In years gone by, a woman in America who wasn't married between ages 18 and 25 was known as an "old maid."
I have some good news and some bad news. I read in the paper recently about a proposed venture to send people to Mars. The good news is that it will be a one-way trip. The bad news is that the launch isn't scheduled until 2022, meaning anybody dumb enough to consider the idea of going to Mars and staying there will be hanging around for another nine years on our planet and lowering the collective IQ for the rest of us. Bummer.
He is probably the most recognized veteran in the state of Georgia. His accomplishments and awards would fill a newspaper. One hundred or more hours is a typical workweek.
Many news stories have noted the importance of getting young, healthy people to sign up for insurance on the exchanges created by President Obama's health care law. The Washington Post's Ezra Klein reported that the White House considers this the single most important factor in making the law work.
Season creep is in full swing. It's that unique point in the year when three badly timed holidays - Halloween, Thanksgiving and Christmas - battle for shelf space and our always-limited attention.
From my Spanish-speaking friends, I have learned about the Day of the Dead, a Mexican holiday that is celebrated not only throughout Mexico, but also around the world and in other cultures.
Ring! Ring! Ring!
As I've documented in the past, many leftist teachers teach our youngsters to hate our country.
Many reporters caught up in the bizarre world of official Washington have written extensively on political tactics and implications of the so-called government shutdown and disastrous launch of HealthCare.gov. Typical was a New York Times headline that blared ''Republicans, Sensing Weakness in Health Law Rollout, Switch Tactics.''
It's really hard to hear people sometimes, isn't it?
I've written extensively over the past several weeks that we, the voters, need to be vigilant and suspicious of the current political atmosphere.
My sister recently had surgery for a deviated septum and came home with splints up her nose and a bandage designed by an architect. A couple of days later, her 4-year-old grandson walked in the door, took a look and said, "Looks like you had a bad day." Indeed.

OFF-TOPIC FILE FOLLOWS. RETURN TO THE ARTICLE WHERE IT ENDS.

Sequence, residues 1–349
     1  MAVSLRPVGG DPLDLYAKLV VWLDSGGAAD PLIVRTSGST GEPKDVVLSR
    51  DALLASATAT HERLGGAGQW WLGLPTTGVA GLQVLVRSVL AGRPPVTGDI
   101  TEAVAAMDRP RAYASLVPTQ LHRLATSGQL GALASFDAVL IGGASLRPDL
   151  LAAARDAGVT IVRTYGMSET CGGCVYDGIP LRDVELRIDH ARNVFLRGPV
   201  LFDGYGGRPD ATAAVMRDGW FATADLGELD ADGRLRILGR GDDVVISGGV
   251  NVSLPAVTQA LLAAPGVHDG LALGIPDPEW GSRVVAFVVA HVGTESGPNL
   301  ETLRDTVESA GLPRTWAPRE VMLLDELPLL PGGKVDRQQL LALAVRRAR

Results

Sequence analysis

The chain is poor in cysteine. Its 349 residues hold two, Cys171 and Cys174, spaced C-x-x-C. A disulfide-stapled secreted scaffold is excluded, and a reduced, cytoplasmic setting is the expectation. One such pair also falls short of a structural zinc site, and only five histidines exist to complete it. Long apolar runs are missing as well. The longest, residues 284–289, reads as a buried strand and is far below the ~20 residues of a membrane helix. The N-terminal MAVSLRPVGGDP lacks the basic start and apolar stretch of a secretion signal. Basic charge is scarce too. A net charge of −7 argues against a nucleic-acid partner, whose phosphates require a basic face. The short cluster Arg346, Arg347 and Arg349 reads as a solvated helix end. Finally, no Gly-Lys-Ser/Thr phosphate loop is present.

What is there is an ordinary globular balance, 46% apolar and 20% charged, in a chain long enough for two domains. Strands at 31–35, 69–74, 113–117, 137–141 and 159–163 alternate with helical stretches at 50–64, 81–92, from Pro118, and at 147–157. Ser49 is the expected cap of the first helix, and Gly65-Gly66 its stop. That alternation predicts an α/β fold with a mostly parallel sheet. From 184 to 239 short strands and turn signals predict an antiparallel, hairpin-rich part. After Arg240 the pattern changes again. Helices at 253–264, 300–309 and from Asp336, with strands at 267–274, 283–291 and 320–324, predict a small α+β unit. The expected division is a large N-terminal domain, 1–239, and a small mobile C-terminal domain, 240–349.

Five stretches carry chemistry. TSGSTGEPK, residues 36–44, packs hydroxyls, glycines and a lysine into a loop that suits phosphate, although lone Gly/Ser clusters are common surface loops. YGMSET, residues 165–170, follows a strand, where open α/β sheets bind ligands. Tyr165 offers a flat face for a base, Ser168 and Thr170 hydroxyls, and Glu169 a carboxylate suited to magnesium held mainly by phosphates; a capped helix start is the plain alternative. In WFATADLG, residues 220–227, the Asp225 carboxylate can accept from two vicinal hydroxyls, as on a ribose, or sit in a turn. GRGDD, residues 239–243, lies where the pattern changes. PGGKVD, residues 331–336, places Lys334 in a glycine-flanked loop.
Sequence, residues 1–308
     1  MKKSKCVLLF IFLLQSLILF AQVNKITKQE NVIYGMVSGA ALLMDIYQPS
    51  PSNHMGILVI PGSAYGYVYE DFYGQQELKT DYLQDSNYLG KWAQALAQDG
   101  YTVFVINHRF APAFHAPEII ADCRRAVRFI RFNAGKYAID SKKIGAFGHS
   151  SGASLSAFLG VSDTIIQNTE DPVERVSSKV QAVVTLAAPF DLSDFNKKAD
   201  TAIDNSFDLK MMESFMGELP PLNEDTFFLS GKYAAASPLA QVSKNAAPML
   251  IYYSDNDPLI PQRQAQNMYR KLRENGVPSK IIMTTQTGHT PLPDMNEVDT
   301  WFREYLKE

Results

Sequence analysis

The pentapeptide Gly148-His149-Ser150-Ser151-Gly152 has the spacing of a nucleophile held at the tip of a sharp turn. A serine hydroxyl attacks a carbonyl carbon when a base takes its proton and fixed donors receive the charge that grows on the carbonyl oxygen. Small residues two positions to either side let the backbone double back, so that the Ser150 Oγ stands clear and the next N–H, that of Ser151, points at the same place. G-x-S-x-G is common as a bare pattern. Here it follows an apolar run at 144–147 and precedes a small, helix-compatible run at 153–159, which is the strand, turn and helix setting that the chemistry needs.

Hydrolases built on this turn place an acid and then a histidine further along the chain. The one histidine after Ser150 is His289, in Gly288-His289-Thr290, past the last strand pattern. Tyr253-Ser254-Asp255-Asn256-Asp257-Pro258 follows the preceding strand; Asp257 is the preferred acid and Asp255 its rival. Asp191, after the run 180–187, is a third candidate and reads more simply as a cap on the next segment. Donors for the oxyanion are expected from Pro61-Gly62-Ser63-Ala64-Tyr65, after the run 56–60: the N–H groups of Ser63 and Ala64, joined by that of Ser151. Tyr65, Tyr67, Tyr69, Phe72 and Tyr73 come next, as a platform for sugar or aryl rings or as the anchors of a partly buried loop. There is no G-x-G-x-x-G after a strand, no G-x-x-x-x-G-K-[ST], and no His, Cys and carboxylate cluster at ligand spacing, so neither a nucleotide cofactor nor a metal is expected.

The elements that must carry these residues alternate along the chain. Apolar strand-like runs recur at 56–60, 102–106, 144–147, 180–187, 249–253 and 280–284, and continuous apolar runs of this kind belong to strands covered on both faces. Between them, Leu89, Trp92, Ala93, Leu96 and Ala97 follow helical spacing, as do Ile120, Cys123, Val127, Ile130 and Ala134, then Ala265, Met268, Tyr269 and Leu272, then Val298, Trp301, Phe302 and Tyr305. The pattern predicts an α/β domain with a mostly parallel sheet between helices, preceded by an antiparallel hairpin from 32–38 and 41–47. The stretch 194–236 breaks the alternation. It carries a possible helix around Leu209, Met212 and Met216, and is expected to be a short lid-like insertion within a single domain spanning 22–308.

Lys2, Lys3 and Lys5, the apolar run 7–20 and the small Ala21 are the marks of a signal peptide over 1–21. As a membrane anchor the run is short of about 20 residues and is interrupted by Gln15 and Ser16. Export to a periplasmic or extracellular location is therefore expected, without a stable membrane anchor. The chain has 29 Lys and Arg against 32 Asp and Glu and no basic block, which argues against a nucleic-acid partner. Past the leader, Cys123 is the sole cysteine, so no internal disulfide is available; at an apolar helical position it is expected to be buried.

When our oldest child was an infant, I talked to her nonstop. It was an ongoing monologue, a narrative of her life in progress. Topics included what we were doing, where we were going, what I was dressing her in, what the weather was like and what was happening next.
Recent opinion polls demonstrate a deepening distrust of the federal government. That's not an altogether bad thing.
When Americans celebrate Independence Day on July 4, we commemorate the adoption of the Declaration of Independence on July 4, 1776. In reality, the declaration wasn't the spark that lit the fuse of the American Revolution; the first shots were fired in Concord and Lexington more than a year before.
I have written about crime and courts for more years than I care to admit at this point, and during that time, one thing has remained the same. No matter the time of year, the socio-economic status, the color of skin or the age, crime does not discriminate. It's a great equalizer and can affect anyone.
Our nation's 237th birthday is being celebrated in many ways that have become familiar over the years.
This week, we celebrated the Fourth of July, the day that our founders declared their independence from Great Britain. This declaration action came after a long history of imposition by King George III. While it might seem as though this is ancient history, there are applicable lessons to remember today.
The July 16 meeting of the Board of Commissioners may be packed with vociferous anti-tax crusaders objecting to the expected majority vote to adopt a rollback millage rate.
I try to make it a habit to hang around with smart people. Given that my IQ is not much larger than my waistline, this isn't difficult to do.
Editor's note: Due to weather forecasts, Covington's Fourth of July celebration will take place on Saturday, July 6, this year.
There's a move on to prohibit Washington's football team from calling itself "Redskins," even though a 2009 U.S. Supreme Court decision said that it has that right. Now the name change advocates are turning to the political arena and intimidation.
If a tree falls in the forest, and no one's there to hear it, does it make a sound? In a similar vein, if the law requires government transparency, but no one is looking, does transparency matter?
On Dec. 1, 1955, a church-going woman of character refused to give up her seat on a bus in Montgomery, Ala. Many credit Rosa Parks' courageous action that day with launching the Civil Rights movement.
She was a beauty, resting just a few feet away from me on the main drag that goes through downtown Athens, sitting there soaking up the warm summer rays.
Helping another person even when doing so could adversely affect you is considered a virtue by many. People are often applauded as heroes, as they should be, when they help others.
I went looking for a story about urban chickens, but I found a whole lot more. It started when my friend Temple Ellis called to say I should check out the small in-town flock of chickens being cultivated at the home of Pat and Carol Durusau. Pat works at home, but graciously agreed to give a tour while Carol, the Newton County Library's manager of patron services, was at work. The first thing I saw ...
My husband and I live right beside Factory Shoals Park. I have been here for more than 30 years. My husband was born and raised right beside the park; his family has lived and worked the land on and beside Factory Shoals Park for more than 100 years.